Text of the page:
Mourning is love with nowhere to go (…but everywhere).
It has been less than twenty-four hours since we buried our dog. It is Easter Sunday. I am sitting in our bedroom with the windows and doors open, listening to a channel of chamber music I found on iTunes. I find myself in the chancel of a European cathedral where the echo of a heavenly choir coils around buttresses on its way up to the filtered, multi-colored light. I am grateful for the time to reflect. On death. And rebirth. Continue reading “Pandemic Diary: Easter Sunday”
The Great Invitation: On Learning to Listen to Bats and Pangolins
It is a full eleven days since we arrived at our sanctuary ‘shelter’ in the California hills. In eleven days our business — a nature-based retreat center serving non-profits, yogis and nuptials — has nosedived. The first wave of cancellations was followed by a second, then the third. Within four days, almost a third of our annual revenue had disappeared and my husband, Jon, after no small amount of hand-wringing, shuttered the business. In a matter of days, reality as we knew it had come to a grinding halt. Continue reading “Pandemic Diaries / 2”
Bodies In Motion
At some point, Jon woke me up. “You need to figure out what’s up with Lulu,” he said. “I took her out two hours ago and she’s up again.” I rolled over, looking out the window to assess the likelihood of falling back to sleep again after the task. Judging from the darkness of the sky, the first thought of sunrise hadn’t reached the horizon. We were still in the thick of night.
Lulu is our seventeen and a half-year-old ridgeback mix. Two months ago, she collapsed after the two-hour drive back home to Berkeley from Boonville, CA where my husband and I own a retreat center. It took Lulu two days to recover to her feet after the drive and we decided, with no small degree of sadness, we would not subject her to the car again. Lulu would not return to the hills she’d known for most of her life where she‘d bounded and raced across tall grasses, half deer, half-bird and returned to hunt lizards on the lawn for hours. Life would be simpler for her in Berkeley, less stressful at least. Continue reading “Pandemic Diaries”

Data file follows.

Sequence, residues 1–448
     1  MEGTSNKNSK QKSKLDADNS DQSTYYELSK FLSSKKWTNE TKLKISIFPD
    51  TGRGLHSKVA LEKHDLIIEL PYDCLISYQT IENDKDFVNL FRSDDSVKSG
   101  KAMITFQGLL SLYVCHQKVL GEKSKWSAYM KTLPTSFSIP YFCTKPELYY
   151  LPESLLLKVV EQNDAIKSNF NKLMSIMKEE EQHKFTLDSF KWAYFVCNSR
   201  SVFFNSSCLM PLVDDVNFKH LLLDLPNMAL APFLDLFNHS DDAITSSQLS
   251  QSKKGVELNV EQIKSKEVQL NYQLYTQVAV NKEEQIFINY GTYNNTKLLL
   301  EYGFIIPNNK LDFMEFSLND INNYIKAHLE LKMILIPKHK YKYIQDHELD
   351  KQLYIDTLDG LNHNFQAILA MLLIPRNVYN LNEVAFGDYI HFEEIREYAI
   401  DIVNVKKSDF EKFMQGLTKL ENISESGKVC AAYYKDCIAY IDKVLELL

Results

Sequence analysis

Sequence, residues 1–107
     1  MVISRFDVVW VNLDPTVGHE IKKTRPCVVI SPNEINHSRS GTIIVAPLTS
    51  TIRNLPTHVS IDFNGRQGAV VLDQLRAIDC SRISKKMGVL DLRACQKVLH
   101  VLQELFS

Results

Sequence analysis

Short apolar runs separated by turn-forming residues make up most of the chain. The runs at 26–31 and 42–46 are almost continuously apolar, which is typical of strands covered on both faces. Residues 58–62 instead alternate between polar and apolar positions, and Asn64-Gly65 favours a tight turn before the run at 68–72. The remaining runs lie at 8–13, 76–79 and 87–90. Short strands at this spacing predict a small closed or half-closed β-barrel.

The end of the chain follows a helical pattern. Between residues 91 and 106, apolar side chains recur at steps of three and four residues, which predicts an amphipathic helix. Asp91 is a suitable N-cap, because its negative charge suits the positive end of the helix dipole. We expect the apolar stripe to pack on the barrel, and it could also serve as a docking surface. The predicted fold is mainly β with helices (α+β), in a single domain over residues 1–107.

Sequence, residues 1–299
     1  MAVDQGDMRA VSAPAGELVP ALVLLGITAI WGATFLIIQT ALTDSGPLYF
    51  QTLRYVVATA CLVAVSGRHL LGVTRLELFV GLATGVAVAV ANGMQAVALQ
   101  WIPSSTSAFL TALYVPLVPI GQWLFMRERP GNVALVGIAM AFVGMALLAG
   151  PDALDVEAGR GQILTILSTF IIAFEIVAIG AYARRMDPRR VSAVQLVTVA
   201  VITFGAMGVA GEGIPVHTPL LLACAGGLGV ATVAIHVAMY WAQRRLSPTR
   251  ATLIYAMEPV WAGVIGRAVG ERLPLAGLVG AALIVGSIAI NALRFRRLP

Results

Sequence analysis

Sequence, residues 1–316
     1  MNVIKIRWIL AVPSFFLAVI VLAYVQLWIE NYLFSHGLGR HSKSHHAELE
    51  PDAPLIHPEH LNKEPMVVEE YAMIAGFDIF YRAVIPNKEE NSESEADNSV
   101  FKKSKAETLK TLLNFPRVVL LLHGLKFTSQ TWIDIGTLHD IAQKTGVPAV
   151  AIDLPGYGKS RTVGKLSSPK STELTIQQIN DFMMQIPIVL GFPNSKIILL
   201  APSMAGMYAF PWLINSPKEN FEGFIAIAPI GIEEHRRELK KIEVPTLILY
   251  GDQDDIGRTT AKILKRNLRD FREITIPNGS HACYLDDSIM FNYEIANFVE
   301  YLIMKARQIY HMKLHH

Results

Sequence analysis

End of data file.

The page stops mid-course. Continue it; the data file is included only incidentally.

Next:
For the benefit of all, an outside the “Man Box” approach would temper self-serving ambitions in those seeking the “highest office.”
There’s really no other way to slice it. Listening to the impeachment hearings is downright depressing. While brief thrills may be had, aghast or indignant, staking out the right-ness of your side, stepping back from it all as an American these days has been plain, old flattening, for everyone I’ve talked to, at least.
I was in this flattening-effect pretty deep when I came across a wild idea that, had the framers somehow baked the Constitutional cake differently, might have helped avert this polarized, impasse. It’s wild, so bear with me — after all, wild can start to look normal in today’s climate… Continue reading “What If Presidents Were Elected in Pairs — One Democrat, One Republican?”
I’ve been tackling some pretty complex topics in my writing lately… our historical moment, patriarchal masculinity, Trump, the (d)evolution of citizenship and the climate crisis. They’re all facets of the ‘whole catastrophe’ our country and planet face these days. Epic times we’re in really, right?
Last night, I put my twin boys to bed, leaving them to the twenty minutes of reading they do before the night delivers them to their 10 year old’s dreams. Both of them buried their noses in their respective, fantasy fiction books, Charlie opening up the massively heavy, tiny-fonted Lord of the Rings trilogy. To my astonishment, given today’s video-game obsessed culture, he is forging forward, mid-way, now, through this 1200 page tome. Continue reading “Words At Their Best In The Worst of Times”
In the past two weeks, I’ve been unreasonably addicted to the impeachment hearings. They’ve taken over my life, dispiriting me, swallowing up precious windows of time. Driving my children home from school, as the chatter slows down and we could settle together into silence, I turn up the volume on the radio. Instead of focussing on a writing project beckoning my attention, I’m one-hand-coffee-one-hand-remote in front of the TV.
It’s big news, of course. History-making. As a citizen, I’m called to witness that history, but let’s be honest, there’s a deeper story here. My unreasonable, addictive preoccupation with the impeachment hearings belies a hope that if I watch for long enough, some ‘truth’ or ‘fact’ might magically jump off the screen to save us all. Continue reading “America, the Irrational.”